Nearly every American knows someone whose life has been impacted by cancer. While science has made a tremendous amount of progress over the last few decades, there's still plenty of work left to do.
So which cancer stocks are the best choice for investors? We asked a team of Motley Fool contributors to weigh in, and they highlighted Amgen (NASDAQ: AMGN), Exelixis (NASDAQ: EXEL), and Novocure (NASDAQ: NVCR).
Image source: Getty Images.
A successful recent test on top of an already strong business
Chuck Saletta (Amgen): Recent news from Amgen led several stocks in the cancer-treatment sector higher. The news that moved the needle? Amgen had some positive data come out from human trials of a treatment that helped inhibit KRAS -- a protein whose mutations are often linked to aggressive cancers.
KRAS mutations have been notoriously hard to treat -- and even Amgen's success only really shrank the tumors for half of the lung cancer patients in its trial. While an impressive result for those it helped, Amgen's treatment is targeted for a specific KRAS mutation that only occurs in around 13% of non-small cell lung cancers and a handful of other cancers. In other words, while the preliminary test looks promising, it doesn't look like it represents a complete cure for even those types of cancers.
Still, the news is certainly a hopeful start on the quest to address tumors affected by KRAS mutations. That's a boost for Amgen because among cancer-treatment companies, it looks almost uniquely well positioned to continue to drive that fight for the long term. Amgen generates somewhere in the neighborhood of $2 billion in cash from its operations every quarter -- sometimes less, sometimes more -- giving it plenty of cash to keep up its research program.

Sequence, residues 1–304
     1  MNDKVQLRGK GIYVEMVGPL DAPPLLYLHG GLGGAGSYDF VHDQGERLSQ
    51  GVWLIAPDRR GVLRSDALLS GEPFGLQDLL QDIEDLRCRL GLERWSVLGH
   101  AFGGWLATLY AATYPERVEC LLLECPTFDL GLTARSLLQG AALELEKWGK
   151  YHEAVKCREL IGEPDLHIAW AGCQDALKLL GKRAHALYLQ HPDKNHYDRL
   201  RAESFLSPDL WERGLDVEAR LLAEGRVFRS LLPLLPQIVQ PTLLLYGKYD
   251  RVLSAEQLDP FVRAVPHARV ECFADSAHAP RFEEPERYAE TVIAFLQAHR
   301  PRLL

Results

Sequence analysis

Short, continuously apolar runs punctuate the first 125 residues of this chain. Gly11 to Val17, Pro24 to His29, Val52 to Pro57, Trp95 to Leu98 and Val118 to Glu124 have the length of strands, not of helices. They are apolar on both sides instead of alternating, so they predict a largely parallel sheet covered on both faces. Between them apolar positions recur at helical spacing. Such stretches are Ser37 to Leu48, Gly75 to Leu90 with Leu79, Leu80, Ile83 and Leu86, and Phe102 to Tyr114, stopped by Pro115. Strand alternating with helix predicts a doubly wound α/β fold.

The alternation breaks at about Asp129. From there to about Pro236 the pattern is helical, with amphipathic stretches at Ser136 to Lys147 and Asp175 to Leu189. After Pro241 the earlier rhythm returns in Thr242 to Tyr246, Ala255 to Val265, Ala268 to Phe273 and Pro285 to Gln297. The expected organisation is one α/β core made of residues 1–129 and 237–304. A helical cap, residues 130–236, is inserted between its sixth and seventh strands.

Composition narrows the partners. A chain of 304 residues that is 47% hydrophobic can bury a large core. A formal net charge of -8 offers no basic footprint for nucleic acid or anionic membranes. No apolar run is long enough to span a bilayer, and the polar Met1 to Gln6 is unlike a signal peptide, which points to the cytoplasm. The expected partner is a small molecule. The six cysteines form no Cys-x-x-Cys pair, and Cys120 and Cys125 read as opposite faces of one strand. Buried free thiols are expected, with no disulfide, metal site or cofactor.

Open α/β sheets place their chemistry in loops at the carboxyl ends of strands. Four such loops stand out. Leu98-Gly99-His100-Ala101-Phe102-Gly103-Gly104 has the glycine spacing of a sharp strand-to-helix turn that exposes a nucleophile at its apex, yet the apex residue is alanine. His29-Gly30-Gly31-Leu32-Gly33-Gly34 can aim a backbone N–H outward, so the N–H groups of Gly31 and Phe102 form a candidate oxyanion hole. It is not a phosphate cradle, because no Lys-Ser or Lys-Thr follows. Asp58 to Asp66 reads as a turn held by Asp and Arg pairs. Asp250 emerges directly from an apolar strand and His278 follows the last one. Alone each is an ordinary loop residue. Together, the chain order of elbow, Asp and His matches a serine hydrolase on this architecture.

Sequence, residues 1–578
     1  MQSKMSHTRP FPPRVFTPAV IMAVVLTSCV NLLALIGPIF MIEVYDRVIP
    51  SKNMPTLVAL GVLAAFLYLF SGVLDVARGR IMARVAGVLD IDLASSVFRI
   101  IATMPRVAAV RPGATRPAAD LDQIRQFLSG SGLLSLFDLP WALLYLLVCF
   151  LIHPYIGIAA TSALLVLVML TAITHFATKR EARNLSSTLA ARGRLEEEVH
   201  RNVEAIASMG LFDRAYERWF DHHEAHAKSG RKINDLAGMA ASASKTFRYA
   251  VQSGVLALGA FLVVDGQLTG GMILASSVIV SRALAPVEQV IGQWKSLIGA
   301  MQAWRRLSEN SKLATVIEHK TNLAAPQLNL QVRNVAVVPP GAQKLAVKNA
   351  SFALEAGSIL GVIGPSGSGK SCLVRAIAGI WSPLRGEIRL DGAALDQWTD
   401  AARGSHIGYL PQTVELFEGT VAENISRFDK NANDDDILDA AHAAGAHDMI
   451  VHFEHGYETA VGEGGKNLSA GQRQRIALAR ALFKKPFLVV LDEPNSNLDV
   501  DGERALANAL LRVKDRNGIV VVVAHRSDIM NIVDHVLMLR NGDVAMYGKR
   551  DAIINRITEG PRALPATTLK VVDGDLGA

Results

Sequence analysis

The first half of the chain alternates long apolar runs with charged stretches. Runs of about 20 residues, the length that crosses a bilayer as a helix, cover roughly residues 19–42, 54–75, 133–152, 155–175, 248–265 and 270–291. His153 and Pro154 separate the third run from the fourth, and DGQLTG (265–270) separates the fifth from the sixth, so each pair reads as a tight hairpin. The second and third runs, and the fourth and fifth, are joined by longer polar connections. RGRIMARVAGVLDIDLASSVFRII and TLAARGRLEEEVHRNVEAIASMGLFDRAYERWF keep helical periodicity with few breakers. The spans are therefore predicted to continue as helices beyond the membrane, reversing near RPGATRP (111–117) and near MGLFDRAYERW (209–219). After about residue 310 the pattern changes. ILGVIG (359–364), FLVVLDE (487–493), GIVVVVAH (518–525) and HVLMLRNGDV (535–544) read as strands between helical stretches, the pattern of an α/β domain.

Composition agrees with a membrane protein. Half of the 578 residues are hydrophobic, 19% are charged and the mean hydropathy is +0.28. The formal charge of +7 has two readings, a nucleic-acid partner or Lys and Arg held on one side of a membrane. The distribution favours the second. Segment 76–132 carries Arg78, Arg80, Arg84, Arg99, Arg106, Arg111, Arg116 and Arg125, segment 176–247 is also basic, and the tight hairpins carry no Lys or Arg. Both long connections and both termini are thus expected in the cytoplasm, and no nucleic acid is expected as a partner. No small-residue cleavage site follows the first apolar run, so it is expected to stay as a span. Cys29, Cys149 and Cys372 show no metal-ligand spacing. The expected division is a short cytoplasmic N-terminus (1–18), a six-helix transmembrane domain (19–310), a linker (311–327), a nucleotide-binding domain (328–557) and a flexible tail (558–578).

In addition to that solid cash flow, today's investors get a company trading at around 12 times its anticipated earnings, with those earnings expected to remain stable over the next five years. That's a reasonable price to pay for a company with a solid existing foundation that also happens to be at the vanguard of the attempts to crack one of the toughest cancer codes around. True breakthrough success there could mean substantial progress in the fight against cancer.
There's no better value in the cancer-drug development space
Sean Williams (Exelixis): With Celgene (NASDAQ: CELG) set to be gobbled up by Bristol-Myers Squibb (NYSE: BMY), the cheapest combination of growth and value among cancer stocks now belongs to Exelixis.
The Exelixis growth story predominantly ties into the success of Cabometyx, the company's presumed blockbuster therapy that could prove foundational in treatment of first- and second-line advanced renal cell carcinoma (RCC) and second-line advanced hepatocellular carcinoma (HCC).
Initially approved to treat second-line RCC, Cabometyx entered the indication in the shadows of Bristol-Myers Squibb's immunotherapy blockbuster Opdivo. Nevertheless, it earned valuable market share given that it was the only second-line RCC treatment to this point to hit the trifecta of a statistically significant improvement in objective response rate, progression-free survival, and median overall survival, relative to the placebo. Not long thereafter, Cabometyx beat Opdivo to first-line RCC after dazzling in the midstage Cabosun study and running circles around first-line standard of care Sutent, which was developed by Pfizer (NYSE: PFE).